- 2014, Pulitzer Prize (together with The Guardian) for articles on NSA domestic spying based on leaks provided by Edward Snowden.
1301 K Street NW
Washington D.C. 20071
Articles and Resources
- Allbritton Communications Company
- Bernie Sanders
- Bob Woodward
- Carl Bernstein
- Daniel Ellsberg
- Deep Throat
- Donald Trump
- Edward Snowden
- Fairness & Accuracy in Reporting
- Federal Bureau of Investigation
- Fred Hiatt
- Frederick J. Ryan
- The Guardian
- Jeffrey Bezos
- Mark Felt
- National Security Agency New York Times
- New York Times
- Pentagon Papers
- Richard M. Nixon
- Ronald Reagan
- The Editors of Encyclopaedia Britannica, The Washington Post, Encyclopaedia Britannica, last updated, February 20, 2020, accessed March 5, 2020.
- Kevin Gosztola, "The Washington Post’s Well-Documented Bias Against Bernie Sanders", Medium, August 13, 2019, accessed March 16, 2020.
- CBS News, "Bernie Sanders echoes Trump in Washington Post feud", CBS News YouTube channel, August 13, 2019, accessed March 16, 2020.
- CNN, "Bernie Sanders makes Trump-like attack on Washington Post", CNN YouTube channel, August 13, 2019, accessed March 16, 2020.
- Tim Higgenbothan, "The Washington Post’s War on Bernie Continues", Jacobin, August 27, 2019, accessed March 16, 2020.
- Matt Bruenig, "The Washington Post Keeps Publishing False Claims About Medicare for All", Jacobin, August 14, 2018, accessed March 16, 2020.
- Julie Hollar, "Here’s the Evidence Corporate Media Say Is Missing of WaPo Bias Against Sanders", FAIR, August 15, 2019, accessed March 16, 2020.
- Adam Johnson, "Washington Post Ran 16 Negative Stories on Bernie Sanders in 16 Hours", FAIR, March 8, 2016, accessed March 16, 2020.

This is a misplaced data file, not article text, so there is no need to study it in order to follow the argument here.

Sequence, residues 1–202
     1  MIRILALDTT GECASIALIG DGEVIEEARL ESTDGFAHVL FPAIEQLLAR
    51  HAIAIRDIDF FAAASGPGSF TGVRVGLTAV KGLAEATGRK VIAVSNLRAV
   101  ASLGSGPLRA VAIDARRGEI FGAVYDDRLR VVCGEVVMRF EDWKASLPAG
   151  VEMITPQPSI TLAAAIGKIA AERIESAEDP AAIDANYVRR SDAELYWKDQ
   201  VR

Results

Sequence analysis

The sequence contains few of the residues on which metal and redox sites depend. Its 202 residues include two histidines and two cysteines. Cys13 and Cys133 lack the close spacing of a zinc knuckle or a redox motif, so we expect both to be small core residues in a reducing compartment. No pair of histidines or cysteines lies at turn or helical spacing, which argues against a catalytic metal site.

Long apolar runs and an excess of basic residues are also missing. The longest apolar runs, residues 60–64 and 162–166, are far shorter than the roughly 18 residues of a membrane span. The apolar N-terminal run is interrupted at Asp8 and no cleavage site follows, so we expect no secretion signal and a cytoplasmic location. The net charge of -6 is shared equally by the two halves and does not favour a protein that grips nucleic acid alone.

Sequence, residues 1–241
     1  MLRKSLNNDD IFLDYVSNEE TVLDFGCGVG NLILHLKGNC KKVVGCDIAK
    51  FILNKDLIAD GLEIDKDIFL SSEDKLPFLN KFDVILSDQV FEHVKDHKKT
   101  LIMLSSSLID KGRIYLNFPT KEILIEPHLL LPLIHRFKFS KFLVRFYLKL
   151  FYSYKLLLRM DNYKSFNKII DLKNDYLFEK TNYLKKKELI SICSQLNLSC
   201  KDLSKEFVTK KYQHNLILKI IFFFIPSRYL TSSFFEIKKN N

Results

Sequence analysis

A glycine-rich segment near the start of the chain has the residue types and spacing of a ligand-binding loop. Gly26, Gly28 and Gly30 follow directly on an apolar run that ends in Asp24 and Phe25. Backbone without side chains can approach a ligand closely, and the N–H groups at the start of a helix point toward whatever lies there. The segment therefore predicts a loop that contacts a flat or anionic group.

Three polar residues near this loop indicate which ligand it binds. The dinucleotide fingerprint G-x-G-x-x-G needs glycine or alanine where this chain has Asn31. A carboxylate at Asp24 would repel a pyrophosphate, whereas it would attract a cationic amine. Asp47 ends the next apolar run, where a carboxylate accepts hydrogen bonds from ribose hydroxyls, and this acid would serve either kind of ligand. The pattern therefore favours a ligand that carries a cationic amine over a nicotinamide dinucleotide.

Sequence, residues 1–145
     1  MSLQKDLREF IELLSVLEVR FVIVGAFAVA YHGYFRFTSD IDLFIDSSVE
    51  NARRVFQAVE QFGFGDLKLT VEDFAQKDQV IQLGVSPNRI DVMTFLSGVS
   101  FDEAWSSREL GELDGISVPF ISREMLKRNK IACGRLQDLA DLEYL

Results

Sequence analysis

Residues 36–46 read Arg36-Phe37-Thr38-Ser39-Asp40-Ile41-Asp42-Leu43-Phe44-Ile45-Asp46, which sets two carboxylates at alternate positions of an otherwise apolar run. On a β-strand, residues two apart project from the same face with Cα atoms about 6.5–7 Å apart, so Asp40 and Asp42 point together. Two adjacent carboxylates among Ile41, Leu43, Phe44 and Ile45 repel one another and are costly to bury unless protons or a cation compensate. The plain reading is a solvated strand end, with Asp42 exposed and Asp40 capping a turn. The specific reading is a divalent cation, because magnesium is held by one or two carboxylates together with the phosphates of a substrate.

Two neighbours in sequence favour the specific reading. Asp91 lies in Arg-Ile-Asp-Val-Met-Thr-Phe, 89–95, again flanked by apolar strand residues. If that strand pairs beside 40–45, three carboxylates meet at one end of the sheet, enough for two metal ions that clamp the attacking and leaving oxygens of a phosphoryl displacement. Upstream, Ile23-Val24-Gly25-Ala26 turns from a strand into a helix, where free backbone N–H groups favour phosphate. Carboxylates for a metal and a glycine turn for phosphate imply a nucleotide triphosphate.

- Craig Timberg, Chico Harlan and Peter Whoriskey, "Post names Frederick J. Ryan Jr. as new publisher", Washington Post, September 2, 2014, accessed March 16, 2020.
- Ed Pilkington, "Washington Post sold: Amazon's Bezos shocks media with $250m purchase", Guardian, August 4, 2013, accessed March 5, 2020.
- Forbes, Jeff Bezos, Forbes, accessed March 5, 2020.
- Electronic Frontier Foundation, "NSA Timeline 1791–2015", organizational website, accessed March 5, 2020.
- Barton Gellman and Ashkan Soltani, "NSA tracking cellphone locations worldwide, Snowden documents show", Washington Post, December 4, 2013, accessed March 5, 2020.
- Electronic Frontier Foundation, NSA Primary Sources, organizational website, accessed March 5, 2020.
- Washington Post, "The Post investigates", Washington Post, accessed March 5, 2020.
- Justia, New York Times Co. v. United States, 403 U.S. 713 (1971), legal website, accessed March 5, 2020.
- SiteWorthTraffic, Report:washingtonpost.com, organizational website, accessed March 5, 2020.
- Twitter, The Washington Post, organizational website, accessed March 5, 2019.
- Facebook, Washington Post, organizational website, accessed March 5, 2020.
- Capitol Communicator, "Washington Post Circulation Drops 37 Percent Since 2009, States DCRTV; Website Visits Increasing", media website, October 4, 2015, accessed March 5, 2020.
- Washington Post Help Center, Leadership of The Washington Post Newsroom, newspaper website, accessed March 20, 2020.
- Washington Post Help Center, Leadership of The Washington Post Opinions Section, newspaper website, accessed March 20, 2020.
- Ed Pilkington, "Guardian and Washington Post win Pulitzer prize for NSA revelations", Guardian, April 14, 2014, accessed March 5, 2020.